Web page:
One should not need cppdv to quote from a particular version of the Bible. Literal versus Paraphrase Translations of the Bible can generally be placed cppdv along a continuum from a stricter, more literal translation to a looser, more paraphrased translation.
A literal or formal equivalency translation tries to provide a translation fpdv e. English that is as similar as possible to the source text e. Latin, or Hebrew, or Greek, or Aramaic.
Taking this approach to an extreme would result in an English hible that would be nearly incomprehensible; such a translation would then cease to retain the charism of infallibility generally found in any Bible.
Most literal translations are fairly literal, but not extremely literal. An ideal literal translation will be an accurate gible eloquent representation of the source text, not only in its meaning, but also in the way that it expresses that meaning; it would then retain the many different levels of meaning which can be present in a text written by the biblee of God. In the practical case, though, a literal translation offers a trade-off.
The text is a more accurate representation of the source text, but, as a result, it is less eloquent, and even somewhat awkward sounding, as compared to a paraphrased translation. A paraphrase or dynamic equivalency translation tries to provide a translation text e. English that is as similar as possible to a proper understanding of the source text. An ideal paraphrase translation would accurately express the full meaning of the source text, in an eloquent manner that is natural to the language used in translation.
In the practical case, though, a paraphrase translation offers a trade-off. The text is approachable and easily cpv, perhaps even eloquent, but some of the possible levels of meaning in the source cpdg are obscured; a paraphrase is a less accurate representation of the source text. In the Church on earth, both types of translations are needed. A paraphrase translation is needed for those readers of the Bible who are new to the text, or who do not often read it, or who have limited academic abilities.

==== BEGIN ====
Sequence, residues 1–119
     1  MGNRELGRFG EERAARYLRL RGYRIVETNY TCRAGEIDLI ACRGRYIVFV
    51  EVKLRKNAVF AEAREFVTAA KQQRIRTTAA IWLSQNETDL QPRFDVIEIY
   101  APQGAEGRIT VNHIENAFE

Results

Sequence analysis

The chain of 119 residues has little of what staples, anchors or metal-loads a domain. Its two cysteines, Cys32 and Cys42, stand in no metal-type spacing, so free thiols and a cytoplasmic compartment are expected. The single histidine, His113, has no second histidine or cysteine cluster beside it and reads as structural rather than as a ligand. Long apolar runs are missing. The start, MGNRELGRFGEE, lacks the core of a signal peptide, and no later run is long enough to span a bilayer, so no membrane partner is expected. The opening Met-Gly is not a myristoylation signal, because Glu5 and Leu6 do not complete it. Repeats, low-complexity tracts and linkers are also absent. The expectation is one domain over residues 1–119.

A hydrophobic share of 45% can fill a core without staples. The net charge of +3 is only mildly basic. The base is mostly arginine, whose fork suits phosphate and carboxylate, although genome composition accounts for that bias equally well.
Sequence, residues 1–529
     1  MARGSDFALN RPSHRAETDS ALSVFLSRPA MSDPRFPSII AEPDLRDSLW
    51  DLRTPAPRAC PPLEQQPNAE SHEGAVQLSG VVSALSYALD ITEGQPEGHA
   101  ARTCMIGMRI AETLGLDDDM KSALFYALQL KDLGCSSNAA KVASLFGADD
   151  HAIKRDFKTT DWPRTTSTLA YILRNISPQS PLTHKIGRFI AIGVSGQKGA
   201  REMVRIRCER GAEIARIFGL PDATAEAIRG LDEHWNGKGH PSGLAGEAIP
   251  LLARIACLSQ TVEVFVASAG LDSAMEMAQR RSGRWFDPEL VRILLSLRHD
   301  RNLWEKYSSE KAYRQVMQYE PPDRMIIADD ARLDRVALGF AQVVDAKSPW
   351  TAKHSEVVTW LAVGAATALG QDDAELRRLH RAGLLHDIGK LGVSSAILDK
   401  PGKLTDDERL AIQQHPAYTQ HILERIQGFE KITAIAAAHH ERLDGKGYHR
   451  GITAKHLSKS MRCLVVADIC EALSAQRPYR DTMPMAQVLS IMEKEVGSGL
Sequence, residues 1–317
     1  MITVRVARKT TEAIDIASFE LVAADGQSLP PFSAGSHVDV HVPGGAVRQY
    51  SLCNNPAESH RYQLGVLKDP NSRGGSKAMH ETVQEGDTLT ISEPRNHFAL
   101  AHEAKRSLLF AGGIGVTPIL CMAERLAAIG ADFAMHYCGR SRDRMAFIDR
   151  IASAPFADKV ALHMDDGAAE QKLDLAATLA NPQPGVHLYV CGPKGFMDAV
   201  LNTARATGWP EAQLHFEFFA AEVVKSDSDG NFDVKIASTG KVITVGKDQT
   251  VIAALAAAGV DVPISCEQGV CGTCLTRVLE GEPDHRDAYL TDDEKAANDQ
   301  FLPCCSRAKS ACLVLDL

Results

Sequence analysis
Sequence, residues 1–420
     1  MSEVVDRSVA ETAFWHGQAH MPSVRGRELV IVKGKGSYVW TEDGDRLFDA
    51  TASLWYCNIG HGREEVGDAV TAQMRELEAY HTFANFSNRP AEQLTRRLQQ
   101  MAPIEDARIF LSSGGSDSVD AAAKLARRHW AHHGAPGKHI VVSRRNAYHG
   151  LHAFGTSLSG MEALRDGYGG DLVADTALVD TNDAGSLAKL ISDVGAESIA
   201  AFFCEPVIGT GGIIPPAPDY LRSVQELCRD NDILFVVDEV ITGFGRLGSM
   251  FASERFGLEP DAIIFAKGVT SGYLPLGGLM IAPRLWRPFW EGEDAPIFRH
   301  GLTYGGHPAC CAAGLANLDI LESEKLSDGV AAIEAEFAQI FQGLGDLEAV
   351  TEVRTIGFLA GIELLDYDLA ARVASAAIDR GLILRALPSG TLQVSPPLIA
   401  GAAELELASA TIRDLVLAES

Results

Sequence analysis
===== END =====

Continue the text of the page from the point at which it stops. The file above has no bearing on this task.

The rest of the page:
Such translations are easy to approach and understand. The eloquence of paraphrase translations makes these fitting for use in liturgical services and in prayer groups.
But a more literal translation is needed for those who wish to dig deeper into the multiple levels of meaning found in the Bible, and who are willing to study a text more closely.
A good literal translation should also retain sufficient eloquence and cpfv for use in liturgical services and prayer groups. The CPDV of the Bible is a fairly literal translation, which provides a greater accuracy in its representation of the source text the Latin Clementine Vulgatevible accepts the trade-off of being less eloquent in English. This approach has advantages and disadvantages over the group or committee approach to translation.
Committee Translations Fpdv that you poll a group of citizens on an issue of political policy. You will likely get a particular majority view, along with at least several minority views. But if you poll a different set of citizens on the same issue, you will likely find the same majority view. In fact, if you continue to poll groups of citizens, you may eventually find a group with a different majority view, but you will probably never find, as the view of the majority, each and every reasonable, bibl view.
Some good insights are found within minority opinions on any subject, which never make their way into the majority. And the same is true of Biblical scholars.
If you have a group of Biblical scholars deciding on the wording cpsv translations, that group will tend to arrive at translation decisions that are, more or less, the majority view. The process is not voting or polling per se, because there are generally multiple committees that look at the same text, but the majority opinion tends to rise to the top. If you then take a separate group of Bible translators, and another, and another, each will tend to arrive at very much the same conclusions about the wording of the translation.
There are numerous cpev opinions within any group of Biblical scholars, but these have little influence over the final text of the translation.
The problem is accentuated if the different groups of scholars are from the same culture and are translating into the same language. So, if several groups are translating into English, and these scholars are all from Western culture, the versions are even more alike. This fact can be readily seen by comparing several different translations of the Bible.